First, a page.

The latest Migratory Bird Hunting and Conservation Stamp (popularly called the "Duck Stamp" and costing $25) was released at a ceremony on the morning of June 24 in Springfield, Missouri, at the conference center adjacent to the Bass Pro Shops there.
Almost all the revenue for the sales of this Stamp – adding up to an estimated $40 million for the year – will go directly to the Migratory Bird Conservation Fund (MBCF). (The MBCF receipts come mainly from the sales of the Stamp and from import duties collected on arms and ammunition.) This dedicated funding will secure vital breeding, stopover, and wintering habitats for waterfowl, other bird species, and other wildlife across the National Wildlife Refuge System.
Today, parts of 252 National Wildlife Refuges (accounting for more than 2.37 million acres) and over 200 Waterfowl Production Areas (with over 3.0 million acres secured) owe their existence to the Stamp investments made through the MBCF. It is encouraging to know that every time you buy a Migratory Bird Hunting and Conservation [Duck] Stamp you are helping secure valuable habitat for birds, wildlife, and for future generations of Americans enjoying the Refuge System.
The artwork on the 2015-2016 Stamp shows a pair of flying Trumpeter Swans painted in acrylic by Joseph Hautman, of Plymouth, Minnesota. This is the fifth time that Joe Hautman's artwork has graced the Federal Duck Stamp. His four previous Stamps were for 1992-3 (Spectacled Eider), 2002-3 (Black Scoter), 2008-9 (Northern Pintail), and 2012-13 (Wood Duck). From an early age he loved to draw and paint, but he quickly became fascinated by the sciences as well. His artistic talents took a back seat during his academic life when he studied physics and astronomy at the University of Minnesota, eventually earning a Ph.D. in Physics from the University of Michigan. His surprise victory in the 1991 Federal Duck Art Contest provided just the incentive he needed to return professionally to his love of wildlife art. Among his many activities, Joseph Hautman is also on the board of our Friends of the Migratory Bird/Duck Stamp.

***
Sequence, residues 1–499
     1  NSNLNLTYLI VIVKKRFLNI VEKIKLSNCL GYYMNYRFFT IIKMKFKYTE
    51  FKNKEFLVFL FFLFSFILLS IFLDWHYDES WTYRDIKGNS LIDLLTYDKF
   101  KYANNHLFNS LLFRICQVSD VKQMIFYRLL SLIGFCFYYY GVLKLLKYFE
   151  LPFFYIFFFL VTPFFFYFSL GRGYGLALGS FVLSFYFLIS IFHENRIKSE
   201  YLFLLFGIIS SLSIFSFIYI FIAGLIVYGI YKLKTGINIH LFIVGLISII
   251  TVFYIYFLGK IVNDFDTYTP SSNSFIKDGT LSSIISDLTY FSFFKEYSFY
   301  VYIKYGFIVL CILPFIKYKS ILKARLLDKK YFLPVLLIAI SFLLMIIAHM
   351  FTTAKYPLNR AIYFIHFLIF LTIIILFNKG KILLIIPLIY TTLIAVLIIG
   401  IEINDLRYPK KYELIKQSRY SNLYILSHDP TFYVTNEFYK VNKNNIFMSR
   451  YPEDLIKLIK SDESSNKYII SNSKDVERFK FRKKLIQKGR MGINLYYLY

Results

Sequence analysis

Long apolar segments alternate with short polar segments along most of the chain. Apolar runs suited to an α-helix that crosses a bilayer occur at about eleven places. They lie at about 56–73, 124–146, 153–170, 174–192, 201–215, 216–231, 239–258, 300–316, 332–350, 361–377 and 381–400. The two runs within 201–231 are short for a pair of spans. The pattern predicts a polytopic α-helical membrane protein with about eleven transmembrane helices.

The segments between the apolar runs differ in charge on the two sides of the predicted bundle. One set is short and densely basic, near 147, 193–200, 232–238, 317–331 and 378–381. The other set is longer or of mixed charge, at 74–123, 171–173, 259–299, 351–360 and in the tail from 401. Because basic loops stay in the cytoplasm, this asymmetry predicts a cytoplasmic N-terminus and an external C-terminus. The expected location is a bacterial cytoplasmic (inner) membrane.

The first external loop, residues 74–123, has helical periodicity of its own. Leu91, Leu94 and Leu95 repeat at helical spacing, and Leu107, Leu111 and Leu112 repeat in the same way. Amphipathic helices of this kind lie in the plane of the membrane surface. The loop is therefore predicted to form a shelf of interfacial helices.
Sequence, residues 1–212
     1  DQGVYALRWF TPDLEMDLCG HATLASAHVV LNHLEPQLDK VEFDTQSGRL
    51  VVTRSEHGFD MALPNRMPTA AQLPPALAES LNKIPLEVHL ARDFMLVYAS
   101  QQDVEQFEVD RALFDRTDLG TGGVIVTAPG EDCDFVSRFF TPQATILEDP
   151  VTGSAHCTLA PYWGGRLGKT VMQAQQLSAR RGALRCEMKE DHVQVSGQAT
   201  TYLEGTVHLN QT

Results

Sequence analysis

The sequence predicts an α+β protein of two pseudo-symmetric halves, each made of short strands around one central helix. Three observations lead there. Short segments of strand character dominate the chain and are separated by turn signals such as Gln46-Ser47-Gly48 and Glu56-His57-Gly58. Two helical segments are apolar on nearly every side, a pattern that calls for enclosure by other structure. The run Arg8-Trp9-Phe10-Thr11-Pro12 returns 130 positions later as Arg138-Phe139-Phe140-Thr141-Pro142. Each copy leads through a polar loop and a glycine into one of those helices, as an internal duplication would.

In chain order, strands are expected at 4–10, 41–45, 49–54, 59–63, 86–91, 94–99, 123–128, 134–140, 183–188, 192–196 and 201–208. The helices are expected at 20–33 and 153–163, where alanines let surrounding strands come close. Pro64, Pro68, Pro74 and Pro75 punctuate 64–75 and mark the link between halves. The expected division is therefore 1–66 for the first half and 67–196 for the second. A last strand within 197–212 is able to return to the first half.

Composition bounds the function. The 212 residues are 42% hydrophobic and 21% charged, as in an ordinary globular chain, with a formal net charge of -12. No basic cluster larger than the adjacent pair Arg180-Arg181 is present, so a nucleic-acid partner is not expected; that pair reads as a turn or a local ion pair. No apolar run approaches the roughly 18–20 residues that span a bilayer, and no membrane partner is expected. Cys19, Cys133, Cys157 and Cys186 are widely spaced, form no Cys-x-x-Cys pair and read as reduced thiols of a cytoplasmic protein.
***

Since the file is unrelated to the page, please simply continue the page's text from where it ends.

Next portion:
The species pictured, Trumpeter Swan, is very special. It represents a real American conservation success story. This swan historically suffered huge population declines. By 1933, fewer than 70 wild Trumpeter Swans were known to exist, and extinction seemed a real possibility. Aerial surveys, however, discovered a Pacific population of several thousand trumpeters in Alaska. Increased conservation efforts have resulted in native western populations recovering. In addition, reintroductions to the central part of the continent – mostly around the Great Lakes – have also proven to be highly successful. It is also important to appreciate that this swan species is not hunted, emphasizing the fact that the stamp is not simply “for hunting,” but its purpose is essentially to secure valuable habitat to conserve waterfowl and other species through the National Wildlife Refuge System.
For more on the contest and the program see the website for the Federal Duck Stamp Office.